lördag 26 augusti 2017

Back To Basics: Wargames Foundry Home Guard

(Warning: a small rant ahead. Pictures of models after the break, if you want to skip ahead.)

So I've sort of hit painter's block... I do paint... but I seem to take ages, not finish stuff other than the occasional odd miniature here and there. I buy stuff, build them, start paint a couple and then... I loose interest. It's just not the Wargamer's Attention Deficit Disorder, otherwise known as the Magpie or "OOh shiny" syndrome. Oh I got that too, but this is something else.

I was thinking back to when I started in the hobby. You bought a thing. Built it. Painted it. Played with it within a week or so. Sometimes you had a big project (like that Tamiya 1:35 Möbelwagen). If you didn't have the correct paint you used another, or mixed a couple of paints to a rough estimate of the box cover art. Things were simpler back then, I thought.

No this isn't a "Things were better before" post.

But no... things weren't simpler, my methods were. Now we have 200 or somewhere abouts paints in the GW range, many of them technical paints, some are dry, some are layer paints, some are washes and some are glazes, some are base paints. Back then you had paints, and inks. You could thin the paints to make washes, use the inks for pin washes or glazes, and you could wipe all of your paint from the brush for drybrushing. You drybrushed or highlighted, washed or pin washed, and that was it.

Don't get me wrong, all the new techniques, all the new kinds of paints are fantastic. You can do some amazing things. But they also lead to overcomplication. Do I need to paint every model like it could belong in the 'Eavy Metal section of White Dwarf? No, but I try to. It's partially because the models have become better and more detailed so they lure you into a complicated paint job. Back then the models often had unadorned armour, maybe the odd spike or symbol somewhere. If you wanted to you could freehand something or put a decal on it. Nowadays the armours are sculpted with lots of details and 3d insignia that beckons to be painted, highlighted, washed, weathered and then some git are doing them in non-metallic metallics. (Don't get me started about that... the Emperor's new paint scheme I call it.) But I'm setting my ambitions too high. It's not that I can't paint that fine, I can. But I don't need to, and it takes too long time.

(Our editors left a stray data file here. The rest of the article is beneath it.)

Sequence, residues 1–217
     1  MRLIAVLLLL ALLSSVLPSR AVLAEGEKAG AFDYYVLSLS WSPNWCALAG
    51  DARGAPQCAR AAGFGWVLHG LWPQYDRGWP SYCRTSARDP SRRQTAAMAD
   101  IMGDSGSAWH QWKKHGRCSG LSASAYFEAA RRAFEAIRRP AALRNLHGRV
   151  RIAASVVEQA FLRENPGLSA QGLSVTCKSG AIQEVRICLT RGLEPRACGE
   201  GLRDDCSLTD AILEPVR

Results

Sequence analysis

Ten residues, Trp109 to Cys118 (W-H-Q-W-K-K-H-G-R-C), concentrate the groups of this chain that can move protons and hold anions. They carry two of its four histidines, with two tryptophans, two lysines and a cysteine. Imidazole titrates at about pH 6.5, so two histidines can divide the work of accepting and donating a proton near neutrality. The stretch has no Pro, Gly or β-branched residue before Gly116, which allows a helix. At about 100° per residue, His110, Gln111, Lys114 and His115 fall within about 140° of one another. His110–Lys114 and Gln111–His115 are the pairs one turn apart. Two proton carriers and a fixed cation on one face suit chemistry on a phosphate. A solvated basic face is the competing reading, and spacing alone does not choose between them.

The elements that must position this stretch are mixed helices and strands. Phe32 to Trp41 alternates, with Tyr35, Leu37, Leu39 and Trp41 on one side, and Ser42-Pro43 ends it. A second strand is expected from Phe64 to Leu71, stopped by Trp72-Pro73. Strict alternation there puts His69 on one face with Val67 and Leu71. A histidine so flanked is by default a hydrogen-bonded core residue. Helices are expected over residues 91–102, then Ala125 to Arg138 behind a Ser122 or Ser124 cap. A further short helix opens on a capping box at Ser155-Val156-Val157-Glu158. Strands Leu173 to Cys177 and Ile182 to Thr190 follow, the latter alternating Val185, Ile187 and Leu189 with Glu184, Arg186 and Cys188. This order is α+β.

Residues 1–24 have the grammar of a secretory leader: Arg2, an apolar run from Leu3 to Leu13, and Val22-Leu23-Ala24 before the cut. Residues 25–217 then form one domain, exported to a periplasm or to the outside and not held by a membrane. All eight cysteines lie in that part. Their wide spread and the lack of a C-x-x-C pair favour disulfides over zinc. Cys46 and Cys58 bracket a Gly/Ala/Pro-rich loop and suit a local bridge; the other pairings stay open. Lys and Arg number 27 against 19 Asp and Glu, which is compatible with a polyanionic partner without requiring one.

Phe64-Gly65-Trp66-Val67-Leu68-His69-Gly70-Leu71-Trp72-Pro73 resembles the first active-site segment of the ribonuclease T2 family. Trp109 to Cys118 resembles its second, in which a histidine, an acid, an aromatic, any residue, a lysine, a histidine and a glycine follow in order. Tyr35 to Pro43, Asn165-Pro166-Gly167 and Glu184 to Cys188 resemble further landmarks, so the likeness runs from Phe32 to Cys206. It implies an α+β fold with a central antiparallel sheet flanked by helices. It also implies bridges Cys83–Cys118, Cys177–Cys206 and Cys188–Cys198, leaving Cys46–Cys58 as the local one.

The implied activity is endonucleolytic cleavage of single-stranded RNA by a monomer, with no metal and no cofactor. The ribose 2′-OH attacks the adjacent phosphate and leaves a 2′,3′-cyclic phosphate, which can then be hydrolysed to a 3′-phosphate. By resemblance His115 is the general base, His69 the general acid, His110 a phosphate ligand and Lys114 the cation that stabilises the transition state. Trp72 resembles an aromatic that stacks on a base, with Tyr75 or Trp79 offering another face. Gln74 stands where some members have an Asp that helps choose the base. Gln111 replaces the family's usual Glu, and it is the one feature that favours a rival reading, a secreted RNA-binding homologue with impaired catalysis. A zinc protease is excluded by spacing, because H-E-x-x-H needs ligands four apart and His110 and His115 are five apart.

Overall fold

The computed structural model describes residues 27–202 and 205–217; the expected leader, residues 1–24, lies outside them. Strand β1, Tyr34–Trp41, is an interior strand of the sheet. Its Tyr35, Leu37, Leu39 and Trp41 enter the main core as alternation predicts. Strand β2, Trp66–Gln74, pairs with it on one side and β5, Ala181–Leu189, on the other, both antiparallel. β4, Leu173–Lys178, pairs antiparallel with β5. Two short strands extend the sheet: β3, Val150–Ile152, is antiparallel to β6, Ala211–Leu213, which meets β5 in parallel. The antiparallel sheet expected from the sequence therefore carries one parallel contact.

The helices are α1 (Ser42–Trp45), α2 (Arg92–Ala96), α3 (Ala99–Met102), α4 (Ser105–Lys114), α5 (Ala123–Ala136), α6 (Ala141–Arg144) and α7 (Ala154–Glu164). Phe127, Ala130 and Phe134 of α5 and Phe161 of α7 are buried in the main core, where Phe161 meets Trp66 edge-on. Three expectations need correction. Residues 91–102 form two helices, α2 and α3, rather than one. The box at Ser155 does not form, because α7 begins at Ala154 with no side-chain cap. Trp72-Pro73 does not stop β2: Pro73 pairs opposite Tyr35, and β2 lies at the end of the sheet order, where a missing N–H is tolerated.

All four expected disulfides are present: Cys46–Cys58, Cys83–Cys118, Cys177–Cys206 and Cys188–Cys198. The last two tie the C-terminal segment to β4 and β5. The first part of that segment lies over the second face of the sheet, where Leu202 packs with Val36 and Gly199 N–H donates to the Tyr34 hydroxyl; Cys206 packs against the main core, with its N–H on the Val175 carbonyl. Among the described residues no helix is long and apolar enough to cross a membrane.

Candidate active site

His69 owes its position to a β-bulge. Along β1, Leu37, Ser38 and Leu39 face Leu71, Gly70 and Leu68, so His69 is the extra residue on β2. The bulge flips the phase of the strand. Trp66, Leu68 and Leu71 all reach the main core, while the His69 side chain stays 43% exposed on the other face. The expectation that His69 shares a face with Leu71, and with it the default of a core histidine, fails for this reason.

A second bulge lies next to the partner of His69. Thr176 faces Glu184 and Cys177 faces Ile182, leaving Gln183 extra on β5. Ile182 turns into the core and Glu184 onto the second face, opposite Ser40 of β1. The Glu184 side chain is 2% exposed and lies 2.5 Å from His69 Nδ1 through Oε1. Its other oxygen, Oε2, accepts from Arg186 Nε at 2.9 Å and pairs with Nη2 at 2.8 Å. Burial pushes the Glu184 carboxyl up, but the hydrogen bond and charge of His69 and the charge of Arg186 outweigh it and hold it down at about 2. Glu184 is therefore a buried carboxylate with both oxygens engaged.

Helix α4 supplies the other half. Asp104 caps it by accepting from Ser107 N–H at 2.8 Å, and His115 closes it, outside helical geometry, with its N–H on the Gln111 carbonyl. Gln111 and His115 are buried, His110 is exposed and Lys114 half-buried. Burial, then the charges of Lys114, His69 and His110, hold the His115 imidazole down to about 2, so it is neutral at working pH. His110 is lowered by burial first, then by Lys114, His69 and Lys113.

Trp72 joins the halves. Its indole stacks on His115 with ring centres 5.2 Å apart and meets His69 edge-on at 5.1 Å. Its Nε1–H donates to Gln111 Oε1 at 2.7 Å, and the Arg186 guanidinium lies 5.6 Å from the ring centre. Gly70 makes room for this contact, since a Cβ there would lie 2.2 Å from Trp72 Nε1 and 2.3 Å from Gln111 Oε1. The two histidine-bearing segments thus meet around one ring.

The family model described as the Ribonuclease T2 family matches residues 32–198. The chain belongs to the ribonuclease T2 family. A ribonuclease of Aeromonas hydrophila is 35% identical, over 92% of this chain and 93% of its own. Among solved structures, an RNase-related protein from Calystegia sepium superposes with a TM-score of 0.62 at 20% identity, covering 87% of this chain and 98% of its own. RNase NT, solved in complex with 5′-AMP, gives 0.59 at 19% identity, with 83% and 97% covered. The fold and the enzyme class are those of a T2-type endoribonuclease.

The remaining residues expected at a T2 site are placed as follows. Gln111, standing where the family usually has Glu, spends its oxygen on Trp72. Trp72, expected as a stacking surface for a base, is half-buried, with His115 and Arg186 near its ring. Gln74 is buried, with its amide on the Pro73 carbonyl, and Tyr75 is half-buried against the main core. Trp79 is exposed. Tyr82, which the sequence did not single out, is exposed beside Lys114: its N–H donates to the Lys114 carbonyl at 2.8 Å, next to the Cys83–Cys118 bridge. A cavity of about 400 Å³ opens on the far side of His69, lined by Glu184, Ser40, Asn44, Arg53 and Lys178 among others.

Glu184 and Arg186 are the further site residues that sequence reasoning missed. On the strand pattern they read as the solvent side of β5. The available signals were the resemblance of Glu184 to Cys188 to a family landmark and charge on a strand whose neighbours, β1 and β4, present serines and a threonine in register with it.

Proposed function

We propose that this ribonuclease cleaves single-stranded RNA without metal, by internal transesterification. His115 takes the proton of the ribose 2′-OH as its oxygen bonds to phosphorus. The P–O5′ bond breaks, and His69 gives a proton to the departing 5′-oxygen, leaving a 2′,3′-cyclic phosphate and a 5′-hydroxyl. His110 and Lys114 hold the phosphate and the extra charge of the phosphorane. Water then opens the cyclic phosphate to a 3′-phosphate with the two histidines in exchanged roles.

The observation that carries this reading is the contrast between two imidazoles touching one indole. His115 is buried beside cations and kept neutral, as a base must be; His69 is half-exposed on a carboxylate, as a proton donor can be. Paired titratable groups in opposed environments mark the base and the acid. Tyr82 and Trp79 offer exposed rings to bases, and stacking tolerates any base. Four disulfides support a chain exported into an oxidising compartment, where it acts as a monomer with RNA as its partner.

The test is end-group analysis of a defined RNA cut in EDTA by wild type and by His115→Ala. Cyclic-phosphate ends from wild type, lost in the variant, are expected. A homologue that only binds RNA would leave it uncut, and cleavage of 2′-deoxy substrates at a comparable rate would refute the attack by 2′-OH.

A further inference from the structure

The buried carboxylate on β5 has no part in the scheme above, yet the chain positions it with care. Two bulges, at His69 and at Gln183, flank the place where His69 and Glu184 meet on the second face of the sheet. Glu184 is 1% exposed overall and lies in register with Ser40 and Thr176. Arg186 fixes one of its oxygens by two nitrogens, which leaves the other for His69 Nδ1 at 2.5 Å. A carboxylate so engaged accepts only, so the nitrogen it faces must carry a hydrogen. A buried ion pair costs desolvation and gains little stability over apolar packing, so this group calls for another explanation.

My stash of Home Guard. Also includes some Crusader and Warlord figures in the top rows.
So I dug up a bunch of Wargames Foundry British Home Guard that I have had in my stash for a while, and decided to go back to the basics with them.

onsdag 2 augusti 2017

The Adventures of the Dice Bag Lady in the land of the Vikings.

So Baggy of Bad Squiddo Games decided to have a holiday adventure in Sweden. Of course dice bags are not allowed out of the UK without their herders, so Annie had to come as well. Actually it was Annie who needed a well deserved vacation and decided to pester her customers visit some random internet dudes friends she met online.

For one reason or another almost everyone dropped out, except for the Scandinavian Lardies (that's me, Jocke, Thomas and Koen) -- from now on known as Annie's four Swedesketeers.

Annie Arriving at Stockholm Arlanda Airport.

Wayland games

Wayland Games